In this article, Foyle MP Mark Durkan says the G8 leaders should look to the Northern Ireland model to help Syria today.
As the leaders of eight of the most powerful nations came together for the G8 Summit in Fermanagh this week, they would have done well to remember the difficult history of conflict on this island and found inspiration in what leaders before them were able to achieve in forging a path towards peace here.
Civilians in Syria are also looking for global leadership in finding a solution to their civil war. Tragically, former UN Special Envoy to Syria Kofi Annan’s warning that Syria would not implode but “explode” is proving true. Fighting over the past fortnight has spilled over into Turkey and has threatened the stability of the Israeli-occupied Golan Heights. More than 1,000 people died in renewed sectarian fighting in Iraq last month, the deadliest since 2008, and one in five people in Lebanon is now a Syrian refugee.
After two years of bloody strife, close to 90,000 Syrians are dead and regional security is under threat. There is an urgent need for a peaceful solution to the conflict built upon effective diplomacy. As the violence continues to escalate, this may sound idealistic, but the same criticism was levelled at those seeking a peace agreement that appeared far out of reach in Northern Ireland in the 1970s and 1980s. Our experience here counsels that committed diplomacy can deliver results.
Addressing this conflict should be a matter of global urgency and, therefore, a top priority for G8 leaders who must work together on formulating a unified and clear vision for peace in Syria. The costs of failure are too high to contemplate. To date, there has been a destructive and dangerous inertia between the permanent members of the Security Council. Syria is desperate for a vision of a peaceful solution before the voices demanding military intervention win the day.
The conflict is at another juncture and the G8 leaders can take significant steps to ensure that the world is united in its response both on the political and humanitarian tracks. They can demonstrate that the Russians and the United States are committed to working together. Just as there was for the Good Friday Agreement, there is a vital need for an inclusive political dialogue and a pragmatic approach that prioritises ending the conflict and protecting civilians over supporting one side to win.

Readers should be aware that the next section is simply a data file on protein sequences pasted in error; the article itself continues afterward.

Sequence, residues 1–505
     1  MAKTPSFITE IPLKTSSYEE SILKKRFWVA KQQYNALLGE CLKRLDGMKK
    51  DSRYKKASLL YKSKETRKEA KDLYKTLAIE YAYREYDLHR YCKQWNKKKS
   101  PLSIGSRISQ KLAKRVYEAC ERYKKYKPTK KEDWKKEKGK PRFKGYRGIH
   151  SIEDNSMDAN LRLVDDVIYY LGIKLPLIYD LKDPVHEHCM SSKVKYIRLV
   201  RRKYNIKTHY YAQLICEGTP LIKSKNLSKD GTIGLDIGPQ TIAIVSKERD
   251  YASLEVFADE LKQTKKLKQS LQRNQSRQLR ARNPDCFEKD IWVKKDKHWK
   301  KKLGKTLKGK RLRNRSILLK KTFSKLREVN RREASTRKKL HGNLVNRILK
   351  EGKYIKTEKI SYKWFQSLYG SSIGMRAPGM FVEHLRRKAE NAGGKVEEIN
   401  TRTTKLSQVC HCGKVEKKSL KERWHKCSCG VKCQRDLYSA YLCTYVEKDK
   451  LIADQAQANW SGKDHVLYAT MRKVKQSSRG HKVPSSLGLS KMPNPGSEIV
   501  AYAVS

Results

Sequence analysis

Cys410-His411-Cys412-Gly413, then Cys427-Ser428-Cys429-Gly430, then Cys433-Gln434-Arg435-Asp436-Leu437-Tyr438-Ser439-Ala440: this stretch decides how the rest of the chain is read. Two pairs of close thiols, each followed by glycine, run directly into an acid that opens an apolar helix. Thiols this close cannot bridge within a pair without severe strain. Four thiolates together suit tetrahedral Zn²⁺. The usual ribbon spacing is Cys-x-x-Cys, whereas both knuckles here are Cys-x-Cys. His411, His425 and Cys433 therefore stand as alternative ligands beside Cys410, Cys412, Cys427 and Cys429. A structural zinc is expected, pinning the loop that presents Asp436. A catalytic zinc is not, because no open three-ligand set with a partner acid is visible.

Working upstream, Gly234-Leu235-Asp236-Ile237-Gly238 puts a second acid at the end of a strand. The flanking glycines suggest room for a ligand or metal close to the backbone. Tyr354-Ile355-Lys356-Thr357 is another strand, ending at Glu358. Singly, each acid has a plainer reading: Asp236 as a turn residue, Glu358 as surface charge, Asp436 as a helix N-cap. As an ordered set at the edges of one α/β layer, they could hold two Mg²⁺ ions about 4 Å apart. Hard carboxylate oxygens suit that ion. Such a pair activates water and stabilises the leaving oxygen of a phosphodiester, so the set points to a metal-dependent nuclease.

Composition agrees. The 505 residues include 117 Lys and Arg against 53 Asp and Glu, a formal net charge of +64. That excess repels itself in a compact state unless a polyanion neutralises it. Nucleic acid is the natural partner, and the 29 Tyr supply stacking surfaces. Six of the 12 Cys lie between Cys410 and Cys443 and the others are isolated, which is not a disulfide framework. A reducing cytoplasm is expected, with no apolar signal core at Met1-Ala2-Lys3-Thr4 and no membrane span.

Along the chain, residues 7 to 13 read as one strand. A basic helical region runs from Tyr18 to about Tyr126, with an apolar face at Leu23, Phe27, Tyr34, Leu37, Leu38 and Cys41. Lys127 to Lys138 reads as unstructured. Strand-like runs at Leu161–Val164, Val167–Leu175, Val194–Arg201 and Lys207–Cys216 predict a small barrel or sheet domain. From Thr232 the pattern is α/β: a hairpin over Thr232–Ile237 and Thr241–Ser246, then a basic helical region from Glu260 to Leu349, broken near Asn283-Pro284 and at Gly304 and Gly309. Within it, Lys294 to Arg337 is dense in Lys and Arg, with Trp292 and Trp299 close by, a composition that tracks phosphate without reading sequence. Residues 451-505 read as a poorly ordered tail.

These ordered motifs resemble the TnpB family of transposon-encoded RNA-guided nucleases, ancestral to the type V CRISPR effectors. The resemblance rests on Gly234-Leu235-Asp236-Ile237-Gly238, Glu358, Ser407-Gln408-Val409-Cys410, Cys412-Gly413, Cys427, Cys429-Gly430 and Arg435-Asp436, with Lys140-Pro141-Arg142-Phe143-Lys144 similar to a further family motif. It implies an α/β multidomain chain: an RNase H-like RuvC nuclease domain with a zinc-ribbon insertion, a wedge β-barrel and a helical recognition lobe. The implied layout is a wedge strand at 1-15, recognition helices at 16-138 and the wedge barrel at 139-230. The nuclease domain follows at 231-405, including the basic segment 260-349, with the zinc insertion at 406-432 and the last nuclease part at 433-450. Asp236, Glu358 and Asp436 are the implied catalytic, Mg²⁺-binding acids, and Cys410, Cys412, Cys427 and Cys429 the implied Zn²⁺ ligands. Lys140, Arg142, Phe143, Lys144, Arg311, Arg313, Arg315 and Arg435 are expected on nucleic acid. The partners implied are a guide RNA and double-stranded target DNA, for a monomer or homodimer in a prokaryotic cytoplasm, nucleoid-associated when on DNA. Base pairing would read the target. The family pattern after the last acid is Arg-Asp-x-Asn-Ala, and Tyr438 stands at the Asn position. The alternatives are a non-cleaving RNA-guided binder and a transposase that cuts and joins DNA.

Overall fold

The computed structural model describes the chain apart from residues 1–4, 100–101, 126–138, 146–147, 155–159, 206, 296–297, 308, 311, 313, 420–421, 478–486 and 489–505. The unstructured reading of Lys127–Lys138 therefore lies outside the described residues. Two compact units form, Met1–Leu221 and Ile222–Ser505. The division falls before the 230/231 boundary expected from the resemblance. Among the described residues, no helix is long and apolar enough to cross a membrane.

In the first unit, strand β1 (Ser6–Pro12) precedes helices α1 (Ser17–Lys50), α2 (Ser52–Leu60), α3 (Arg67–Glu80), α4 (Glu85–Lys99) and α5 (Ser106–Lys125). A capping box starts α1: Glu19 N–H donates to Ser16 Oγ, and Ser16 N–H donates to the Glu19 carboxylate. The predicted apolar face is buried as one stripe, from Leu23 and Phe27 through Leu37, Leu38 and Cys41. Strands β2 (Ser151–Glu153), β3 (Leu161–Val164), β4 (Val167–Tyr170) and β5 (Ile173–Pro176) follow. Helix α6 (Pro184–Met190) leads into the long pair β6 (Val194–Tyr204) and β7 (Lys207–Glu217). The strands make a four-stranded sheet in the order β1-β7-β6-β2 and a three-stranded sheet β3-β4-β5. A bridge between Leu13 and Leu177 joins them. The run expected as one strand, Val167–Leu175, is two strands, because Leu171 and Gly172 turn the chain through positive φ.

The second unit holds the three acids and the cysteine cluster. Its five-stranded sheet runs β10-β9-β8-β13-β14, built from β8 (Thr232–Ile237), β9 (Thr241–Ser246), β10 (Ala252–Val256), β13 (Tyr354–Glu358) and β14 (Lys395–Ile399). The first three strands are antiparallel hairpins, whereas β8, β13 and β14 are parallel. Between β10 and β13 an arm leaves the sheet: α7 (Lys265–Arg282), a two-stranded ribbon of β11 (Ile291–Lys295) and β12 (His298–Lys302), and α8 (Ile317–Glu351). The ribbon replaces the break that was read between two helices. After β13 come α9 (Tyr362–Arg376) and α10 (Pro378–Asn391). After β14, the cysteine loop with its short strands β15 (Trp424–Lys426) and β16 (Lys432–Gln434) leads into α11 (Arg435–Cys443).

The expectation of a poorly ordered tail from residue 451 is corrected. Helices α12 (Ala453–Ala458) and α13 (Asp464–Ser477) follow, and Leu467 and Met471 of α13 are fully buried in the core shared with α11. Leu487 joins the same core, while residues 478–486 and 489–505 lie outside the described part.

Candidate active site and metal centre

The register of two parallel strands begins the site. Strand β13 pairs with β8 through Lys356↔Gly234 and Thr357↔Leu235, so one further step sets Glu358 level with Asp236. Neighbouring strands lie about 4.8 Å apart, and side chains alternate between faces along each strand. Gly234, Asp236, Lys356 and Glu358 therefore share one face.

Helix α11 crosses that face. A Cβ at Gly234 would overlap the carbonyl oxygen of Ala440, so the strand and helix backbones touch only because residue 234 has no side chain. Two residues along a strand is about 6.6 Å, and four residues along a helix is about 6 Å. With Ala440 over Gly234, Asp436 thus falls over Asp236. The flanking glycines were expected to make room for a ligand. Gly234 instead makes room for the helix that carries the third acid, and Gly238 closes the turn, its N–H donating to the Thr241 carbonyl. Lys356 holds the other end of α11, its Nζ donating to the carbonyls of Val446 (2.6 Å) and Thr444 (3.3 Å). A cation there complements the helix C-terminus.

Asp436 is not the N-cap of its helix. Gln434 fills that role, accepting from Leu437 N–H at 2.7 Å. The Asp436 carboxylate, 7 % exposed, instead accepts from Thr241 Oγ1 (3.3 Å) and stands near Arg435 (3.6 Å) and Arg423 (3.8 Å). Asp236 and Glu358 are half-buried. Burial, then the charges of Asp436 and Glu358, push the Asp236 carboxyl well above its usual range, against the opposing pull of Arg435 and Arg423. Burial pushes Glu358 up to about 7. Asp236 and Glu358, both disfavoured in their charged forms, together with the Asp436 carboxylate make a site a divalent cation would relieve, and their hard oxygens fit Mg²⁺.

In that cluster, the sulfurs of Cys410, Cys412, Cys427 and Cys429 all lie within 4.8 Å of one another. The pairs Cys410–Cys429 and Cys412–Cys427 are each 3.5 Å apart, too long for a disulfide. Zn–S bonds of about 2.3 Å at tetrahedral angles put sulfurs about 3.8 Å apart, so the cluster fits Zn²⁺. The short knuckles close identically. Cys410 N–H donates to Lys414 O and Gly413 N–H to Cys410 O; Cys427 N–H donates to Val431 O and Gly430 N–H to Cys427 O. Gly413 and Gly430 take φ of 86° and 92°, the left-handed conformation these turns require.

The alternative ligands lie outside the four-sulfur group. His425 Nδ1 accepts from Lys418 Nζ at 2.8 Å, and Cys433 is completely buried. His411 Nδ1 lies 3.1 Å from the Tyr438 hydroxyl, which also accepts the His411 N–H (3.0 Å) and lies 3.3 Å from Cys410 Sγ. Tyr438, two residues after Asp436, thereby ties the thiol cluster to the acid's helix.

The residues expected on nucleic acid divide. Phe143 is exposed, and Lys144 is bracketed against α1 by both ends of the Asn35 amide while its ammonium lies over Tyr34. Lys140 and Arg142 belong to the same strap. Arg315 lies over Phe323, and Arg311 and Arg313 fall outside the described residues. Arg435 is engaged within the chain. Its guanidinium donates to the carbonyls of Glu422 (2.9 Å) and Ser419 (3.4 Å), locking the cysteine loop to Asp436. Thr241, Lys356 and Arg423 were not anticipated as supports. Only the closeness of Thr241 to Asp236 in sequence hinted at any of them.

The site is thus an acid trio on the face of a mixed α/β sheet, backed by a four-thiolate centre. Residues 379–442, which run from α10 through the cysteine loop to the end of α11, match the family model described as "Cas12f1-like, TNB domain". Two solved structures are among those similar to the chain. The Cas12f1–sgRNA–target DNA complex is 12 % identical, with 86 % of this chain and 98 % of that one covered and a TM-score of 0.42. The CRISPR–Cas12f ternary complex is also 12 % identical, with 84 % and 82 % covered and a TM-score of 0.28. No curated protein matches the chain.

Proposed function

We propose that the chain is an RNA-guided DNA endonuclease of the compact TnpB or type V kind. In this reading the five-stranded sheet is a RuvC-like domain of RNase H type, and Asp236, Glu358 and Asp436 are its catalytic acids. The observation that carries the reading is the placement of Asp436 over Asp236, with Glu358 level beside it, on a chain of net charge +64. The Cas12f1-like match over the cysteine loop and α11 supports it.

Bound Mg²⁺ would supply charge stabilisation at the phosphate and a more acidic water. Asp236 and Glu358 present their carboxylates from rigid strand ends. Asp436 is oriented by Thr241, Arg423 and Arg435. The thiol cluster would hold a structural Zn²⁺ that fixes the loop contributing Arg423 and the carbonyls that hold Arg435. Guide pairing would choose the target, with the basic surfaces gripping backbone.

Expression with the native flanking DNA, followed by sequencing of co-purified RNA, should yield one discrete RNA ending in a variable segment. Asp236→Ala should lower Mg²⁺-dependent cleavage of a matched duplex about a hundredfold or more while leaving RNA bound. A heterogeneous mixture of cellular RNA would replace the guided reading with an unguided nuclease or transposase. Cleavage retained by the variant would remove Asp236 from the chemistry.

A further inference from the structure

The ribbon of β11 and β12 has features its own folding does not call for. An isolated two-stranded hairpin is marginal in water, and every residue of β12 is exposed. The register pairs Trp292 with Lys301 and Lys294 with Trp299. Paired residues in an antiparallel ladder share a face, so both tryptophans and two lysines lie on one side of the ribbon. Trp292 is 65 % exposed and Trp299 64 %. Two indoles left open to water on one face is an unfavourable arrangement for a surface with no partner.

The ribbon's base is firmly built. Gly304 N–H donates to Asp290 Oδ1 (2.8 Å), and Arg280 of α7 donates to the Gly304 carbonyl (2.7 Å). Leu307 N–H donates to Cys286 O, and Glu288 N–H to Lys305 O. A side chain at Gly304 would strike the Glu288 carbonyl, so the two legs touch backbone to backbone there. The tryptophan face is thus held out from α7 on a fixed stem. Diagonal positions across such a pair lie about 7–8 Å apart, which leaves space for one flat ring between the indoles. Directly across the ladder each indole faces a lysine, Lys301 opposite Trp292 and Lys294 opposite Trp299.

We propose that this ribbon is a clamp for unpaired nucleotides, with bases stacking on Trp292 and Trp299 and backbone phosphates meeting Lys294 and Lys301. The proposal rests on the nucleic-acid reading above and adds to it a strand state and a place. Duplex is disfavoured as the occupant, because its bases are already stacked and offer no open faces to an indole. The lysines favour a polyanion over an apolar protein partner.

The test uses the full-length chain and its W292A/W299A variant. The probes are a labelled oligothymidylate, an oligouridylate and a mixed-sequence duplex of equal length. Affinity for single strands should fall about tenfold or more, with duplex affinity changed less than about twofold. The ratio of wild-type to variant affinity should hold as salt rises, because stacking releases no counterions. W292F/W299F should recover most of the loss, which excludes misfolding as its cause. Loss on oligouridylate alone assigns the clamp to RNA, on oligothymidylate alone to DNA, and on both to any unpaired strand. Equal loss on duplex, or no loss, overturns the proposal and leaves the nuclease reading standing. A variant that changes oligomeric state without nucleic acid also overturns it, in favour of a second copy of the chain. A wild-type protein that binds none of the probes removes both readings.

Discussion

Such a process should look to the Northern Ireland model of providing a forum for addressing future political arrangements with the variety of different ethnic, sectarian and political groups in the country. Crucially, it should also include a system of accountability for crimes committed during the conflict, a vital aspect of future reconciliation efforts. The process must bring together all outside actors, including the Iranians and Gulf powers, each of whom must be included if any agreement is to be implemented.
Difficult compromises will have to be made by all sides but this is the nature of effective international leadership. Peace is made between enemies, not friends.
Ending the violence will not happen overnight. But reaching a shared international vision of a peaceful diplomatic solution offers the best chance of ending the suffering of Syrian civilians, and provides an alternative to pouring more fuel on the Syrian fire.
Alongside this process, the G8 leaders must come together to effectively address the staggering humanitarian disaster in Syria and its increasingly beleaguered neighbours. As in Northern Ireland where the European Union provided financial support to the peace and diplomatic process, the G8 must commit itself similarly for the long run. The United Nations have launched the largest appeal in its history, seeking $5bn for humanitarian aid to Syria through the end of 2013 alone.
According to current projections, more than 10 million Syrians - half the population - will need international aid by the end of the year. This is more than the entire population of Ireland, North and South combined. On the same day as this gigantean appeal, the UN Security Council recognised the scale of the suffering showing a rare consensus by issuing a statement calling upon the Syrian Government “to allow immediate, safe and unhindered access” to humanitarian actors.
The G8 leaders should use their diplomatic and financial clout to make this statement meaningful for Syrian civilians in need. Although political solutions are hard an effective humanitarian response shouldn’t be.
I believe that the G8 can provide the global leadership on both the political and humanitarian fronts that could prevent further regional disintegration and save countless lives. The stability of Northern Ireland today is a reminder that even long, deep rooted and seemingly intractable conflicts can come to a peaceful end and with international cooperation born out of international diplomacy and agreement, better futures can be built.